Garland Of Grace – 04.06.15

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Harps and Hearts; Thoughts on Purity in the Life Of the Believer 

“In speech, conduct, love, faith and purity, show yourself an example of those who believe.” – 1 Timothy 4:12B

I once read of an experiment done by a student of the physics of music. He wondered which musical instrument could be heard the farthest. He experimented with three: the trumpet, the violin, and the harp. The trumpet’s loud and blaring qualities might make its sound carry the farthest. The violin, an instrument with a capacity for high piercing sounds, surely would make for distance. The harp, a more subtle instrument with notes that seem to fade quickly, produced a purer sound.  The student asked three musicians to row a boat out on a lake. Since sound carries well over water, the student knew that a quiet lake would provide a good laboratory. As each musician played, the boat moved slowly toward the center of the lake. At mile marker one, the student no longer could hear the trumpet.  At one and a half miles the student could still hear the violin and the harp. At the two mile marker however, the student could only hear the subtle, distinct sound of the harp. He reached a simple conclusion. Purity of tone, not loudness or high frequency, gave sound its capacity for traveling great distances. Our Lord Jesus stressed the importance of purity in His Sermon on the Mount when He said, “Blessed are the pure in heart, for they shall see God (Matthew 5:8).

One of the best ways a Christian can witness for Christ is simply through their lifestyle.  Every Christian ought to have a desire to live their life in such a way that it influentially draws others to Christ.  I like what the great preacher of yesteryear, Dwight L. Moody said about personal purity.  He said that, “A holy life will make the deepest impression. Lighthouses blow no horns, they just shine.”  In our text above, the apostle Paul stresses the importance of living a life of purity to young Timothy.  Why; because he was to show himself an example to others.  I think would all agree that purity is a vital ingredient in the Christian’s life; an ingredient that must be incorporated into the tapestry of the believer’s life.  Now obviously I am not referring to sinlessness; for that will not be obtained until we enter eternity in heaven with our Lord, a place where there is no sin (Revelation 21:27).  Purity is not sinlessness, rather purity is blamelessness.   It means that you live your life in such a way that no one can accuse you.  It is a life motivated by a passion to please God.  It is a desire to align your life with the will of God.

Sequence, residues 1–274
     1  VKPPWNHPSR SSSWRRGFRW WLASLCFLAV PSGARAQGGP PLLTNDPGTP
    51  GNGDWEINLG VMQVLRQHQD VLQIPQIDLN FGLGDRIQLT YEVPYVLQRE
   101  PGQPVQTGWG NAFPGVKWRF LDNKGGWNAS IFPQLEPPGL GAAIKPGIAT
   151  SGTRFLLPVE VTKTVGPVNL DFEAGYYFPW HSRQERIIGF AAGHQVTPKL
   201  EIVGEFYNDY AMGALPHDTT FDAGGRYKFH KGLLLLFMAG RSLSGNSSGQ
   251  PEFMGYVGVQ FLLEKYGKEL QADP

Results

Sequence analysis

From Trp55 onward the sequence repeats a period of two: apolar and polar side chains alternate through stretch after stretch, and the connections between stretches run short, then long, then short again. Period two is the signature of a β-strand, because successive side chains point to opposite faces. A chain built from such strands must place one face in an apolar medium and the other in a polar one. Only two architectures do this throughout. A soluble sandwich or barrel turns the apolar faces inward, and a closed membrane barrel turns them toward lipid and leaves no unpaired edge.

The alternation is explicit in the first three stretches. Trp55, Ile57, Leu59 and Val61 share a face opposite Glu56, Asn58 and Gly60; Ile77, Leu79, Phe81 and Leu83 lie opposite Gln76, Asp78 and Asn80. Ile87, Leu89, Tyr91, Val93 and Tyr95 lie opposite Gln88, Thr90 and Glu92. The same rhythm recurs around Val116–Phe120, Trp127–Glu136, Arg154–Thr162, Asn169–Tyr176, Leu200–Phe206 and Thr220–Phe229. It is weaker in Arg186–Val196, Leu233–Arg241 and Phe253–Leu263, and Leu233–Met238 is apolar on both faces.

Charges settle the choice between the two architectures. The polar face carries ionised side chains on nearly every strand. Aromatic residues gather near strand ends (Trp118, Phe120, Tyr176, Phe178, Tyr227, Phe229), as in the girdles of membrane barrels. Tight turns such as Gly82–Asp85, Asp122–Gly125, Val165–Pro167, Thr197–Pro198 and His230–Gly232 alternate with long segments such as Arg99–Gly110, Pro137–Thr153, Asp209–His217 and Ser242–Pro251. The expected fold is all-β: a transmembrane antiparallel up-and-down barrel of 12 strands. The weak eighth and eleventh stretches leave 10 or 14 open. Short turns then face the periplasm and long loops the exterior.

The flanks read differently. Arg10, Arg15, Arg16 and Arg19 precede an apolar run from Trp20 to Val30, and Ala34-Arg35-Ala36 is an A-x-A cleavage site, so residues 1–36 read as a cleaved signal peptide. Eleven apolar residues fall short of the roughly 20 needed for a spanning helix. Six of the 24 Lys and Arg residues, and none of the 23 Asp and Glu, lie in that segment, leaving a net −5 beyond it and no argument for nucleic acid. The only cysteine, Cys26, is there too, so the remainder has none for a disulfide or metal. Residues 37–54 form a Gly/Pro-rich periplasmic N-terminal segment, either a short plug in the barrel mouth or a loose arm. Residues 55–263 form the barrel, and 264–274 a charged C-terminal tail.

Furthermore, purity cannot be compartmentalized. In other words, you cannot compartmentalize to where you see yourself as pure in some “areas” of your life and impure in others “areas” of your life. Such compartmentalization might lead to the dangerous habit of justifying sin. The truth is, impurity infiltrates every aspect of your life. It cannot be quarantined into a compartment. An omelet made with two good eggs and one bad is a bad omelet.

In closing, consider the following story in the devotional “Our Daily Bread.”  It tells of how “after a violent storm one night, a large tree, which over the years had become a stately giant, was found lying across the pathway in a park. Nothing but a splintered stump was left. Closer examination showed that it was rotten at the core because thousands of tiny insects had eaten away at its heart. The weakness of that tree was not brought on by the sudden storm; it began the very moment the first insect nested within its bark.” Oh that we would be people that honor God by living lives marked by purity!

 – Pastor Eric

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